How does Act 4, Scene 1 develop the philosophical or ethical ideas of Macbeth?
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In this scene, Macbeth demands information from the witches about his future. His goal is to use this information to protect his power, not to make a logical, let alone an ethical, decision. Given the first two visions, Macbeth determines to kill Macduff and his entire family to eliminate Macduff as a threat.
With the third premonition, the apparition (in the form of a child crowned with a tree in his hand) tells Macbeth:
Macbeth shall never vanquished be until
Great Birnam Wood to high Dunsinane Hill
Shall come against him. (IV.i.108-10)
Macbeth replies that this "will never be." He ignores the image of the child holding the tree which is a clue to how the army will disguise itself with branches, thus becoming a moving forest. Macbeth is too focused on his own fortunes to notice this. Macbeth is unsettled with the fourth image of Banquo (his descendants) becoming king because he expects the witches only to give him prophecies that serve his greedy interests.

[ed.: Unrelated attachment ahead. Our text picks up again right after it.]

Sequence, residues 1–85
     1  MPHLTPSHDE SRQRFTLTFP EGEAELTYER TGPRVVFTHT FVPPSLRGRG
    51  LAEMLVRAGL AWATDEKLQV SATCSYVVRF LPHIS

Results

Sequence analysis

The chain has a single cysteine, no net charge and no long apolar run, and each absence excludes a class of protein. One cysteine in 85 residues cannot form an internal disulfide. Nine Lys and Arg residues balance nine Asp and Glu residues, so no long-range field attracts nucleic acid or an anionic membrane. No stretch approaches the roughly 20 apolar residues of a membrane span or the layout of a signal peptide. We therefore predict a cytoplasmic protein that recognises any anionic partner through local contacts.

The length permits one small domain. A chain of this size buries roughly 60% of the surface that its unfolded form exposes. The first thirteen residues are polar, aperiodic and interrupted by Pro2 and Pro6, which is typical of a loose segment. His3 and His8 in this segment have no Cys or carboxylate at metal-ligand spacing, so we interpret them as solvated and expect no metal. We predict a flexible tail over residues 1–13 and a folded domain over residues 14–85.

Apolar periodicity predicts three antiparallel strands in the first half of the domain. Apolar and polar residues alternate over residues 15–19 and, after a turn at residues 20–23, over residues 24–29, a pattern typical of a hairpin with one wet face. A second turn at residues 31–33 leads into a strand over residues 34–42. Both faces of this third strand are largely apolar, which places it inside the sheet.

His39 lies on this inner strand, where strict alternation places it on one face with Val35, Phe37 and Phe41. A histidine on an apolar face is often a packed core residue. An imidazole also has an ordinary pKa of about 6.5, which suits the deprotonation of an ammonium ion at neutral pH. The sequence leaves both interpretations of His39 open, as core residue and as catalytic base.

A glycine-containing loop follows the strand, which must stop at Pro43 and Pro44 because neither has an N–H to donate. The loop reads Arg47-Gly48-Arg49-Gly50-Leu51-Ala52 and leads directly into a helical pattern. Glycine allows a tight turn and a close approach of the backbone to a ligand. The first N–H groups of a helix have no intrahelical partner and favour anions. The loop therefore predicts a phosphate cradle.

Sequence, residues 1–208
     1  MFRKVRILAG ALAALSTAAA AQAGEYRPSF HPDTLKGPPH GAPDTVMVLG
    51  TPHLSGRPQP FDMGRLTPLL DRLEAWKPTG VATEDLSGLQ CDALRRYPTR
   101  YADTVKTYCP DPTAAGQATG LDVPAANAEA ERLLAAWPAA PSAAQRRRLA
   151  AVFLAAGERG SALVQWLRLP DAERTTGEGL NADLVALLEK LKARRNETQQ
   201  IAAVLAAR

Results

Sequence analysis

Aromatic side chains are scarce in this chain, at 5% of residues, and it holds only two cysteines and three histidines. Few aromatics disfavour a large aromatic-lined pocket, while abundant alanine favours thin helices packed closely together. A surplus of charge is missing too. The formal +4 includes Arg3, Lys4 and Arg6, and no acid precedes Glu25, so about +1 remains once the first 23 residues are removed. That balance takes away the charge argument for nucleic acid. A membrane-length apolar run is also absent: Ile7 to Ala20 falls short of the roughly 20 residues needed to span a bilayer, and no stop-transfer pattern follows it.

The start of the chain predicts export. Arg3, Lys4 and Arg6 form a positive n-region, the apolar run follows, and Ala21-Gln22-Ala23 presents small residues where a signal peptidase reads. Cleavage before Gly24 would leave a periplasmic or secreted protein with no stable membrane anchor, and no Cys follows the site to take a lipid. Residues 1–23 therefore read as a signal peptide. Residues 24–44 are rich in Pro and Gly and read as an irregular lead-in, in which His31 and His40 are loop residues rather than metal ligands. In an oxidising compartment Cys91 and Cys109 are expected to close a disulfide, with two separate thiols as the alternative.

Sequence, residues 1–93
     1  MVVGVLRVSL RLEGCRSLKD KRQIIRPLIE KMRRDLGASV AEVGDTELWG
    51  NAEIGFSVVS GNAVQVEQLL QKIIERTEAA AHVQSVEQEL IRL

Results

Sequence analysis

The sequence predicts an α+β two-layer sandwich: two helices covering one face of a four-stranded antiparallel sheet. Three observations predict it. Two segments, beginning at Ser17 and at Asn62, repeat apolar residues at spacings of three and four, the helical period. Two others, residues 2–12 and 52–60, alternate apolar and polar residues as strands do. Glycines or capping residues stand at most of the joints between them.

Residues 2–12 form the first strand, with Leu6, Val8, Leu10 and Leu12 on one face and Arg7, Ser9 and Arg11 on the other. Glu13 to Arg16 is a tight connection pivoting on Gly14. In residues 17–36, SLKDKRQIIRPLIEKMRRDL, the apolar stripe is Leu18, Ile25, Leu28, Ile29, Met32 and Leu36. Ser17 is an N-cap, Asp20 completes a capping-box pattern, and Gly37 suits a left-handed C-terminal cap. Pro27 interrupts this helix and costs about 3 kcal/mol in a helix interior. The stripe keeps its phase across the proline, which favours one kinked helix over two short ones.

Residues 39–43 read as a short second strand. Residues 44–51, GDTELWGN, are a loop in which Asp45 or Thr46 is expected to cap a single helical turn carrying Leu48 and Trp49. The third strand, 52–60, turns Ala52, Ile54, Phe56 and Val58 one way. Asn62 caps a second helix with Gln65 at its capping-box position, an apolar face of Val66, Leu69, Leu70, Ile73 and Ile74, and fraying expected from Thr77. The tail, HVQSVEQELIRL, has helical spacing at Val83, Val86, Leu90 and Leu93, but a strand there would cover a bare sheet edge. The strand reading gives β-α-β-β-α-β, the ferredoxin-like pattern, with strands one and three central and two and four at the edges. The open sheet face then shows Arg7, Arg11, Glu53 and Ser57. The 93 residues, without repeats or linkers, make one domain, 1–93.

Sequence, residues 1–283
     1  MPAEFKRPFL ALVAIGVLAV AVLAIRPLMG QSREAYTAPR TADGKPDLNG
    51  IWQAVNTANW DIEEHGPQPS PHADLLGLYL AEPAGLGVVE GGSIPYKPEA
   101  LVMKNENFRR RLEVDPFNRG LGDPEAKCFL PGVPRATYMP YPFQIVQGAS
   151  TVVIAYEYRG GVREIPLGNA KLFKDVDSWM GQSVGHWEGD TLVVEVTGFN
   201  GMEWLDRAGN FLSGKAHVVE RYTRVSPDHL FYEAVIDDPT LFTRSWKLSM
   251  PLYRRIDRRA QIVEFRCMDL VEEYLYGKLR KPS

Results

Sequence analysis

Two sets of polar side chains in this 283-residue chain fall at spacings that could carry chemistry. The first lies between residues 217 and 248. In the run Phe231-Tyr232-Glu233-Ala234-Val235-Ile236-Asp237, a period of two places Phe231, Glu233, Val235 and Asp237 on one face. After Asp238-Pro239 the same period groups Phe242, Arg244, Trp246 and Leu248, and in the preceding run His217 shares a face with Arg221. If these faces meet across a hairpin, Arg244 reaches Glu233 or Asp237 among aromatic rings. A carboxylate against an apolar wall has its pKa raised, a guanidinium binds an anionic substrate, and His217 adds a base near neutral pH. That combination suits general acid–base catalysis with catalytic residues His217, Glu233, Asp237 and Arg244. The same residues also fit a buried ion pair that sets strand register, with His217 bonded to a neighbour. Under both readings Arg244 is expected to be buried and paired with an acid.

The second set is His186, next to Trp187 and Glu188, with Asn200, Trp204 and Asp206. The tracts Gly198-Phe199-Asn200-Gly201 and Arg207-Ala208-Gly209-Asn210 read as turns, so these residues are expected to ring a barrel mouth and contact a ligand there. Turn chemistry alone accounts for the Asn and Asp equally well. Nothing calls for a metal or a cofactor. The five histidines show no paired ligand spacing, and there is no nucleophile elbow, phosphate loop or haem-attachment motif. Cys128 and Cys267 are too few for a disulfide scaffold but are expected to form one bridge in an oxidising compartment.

In this scene, we see Macbeth completely single-minded in seeking to sustain his selfish desires. Even his guilt and anxiety, which is evident in other scenes such as Act 3, Scene 4, is absent in this scene. At this point, Macbeth has become even more determined to sustain his power and status as king. Once the witches have vanished, Macbeth tells Lennox that those who trust the witches should be damned, essentially damning himself. This is a key moment because although the witches provide Macbeth with warnings and potential futures, it is Macbeth who chooses to act on them. In doing so, Macbeth is ultimately responsible for his sins.
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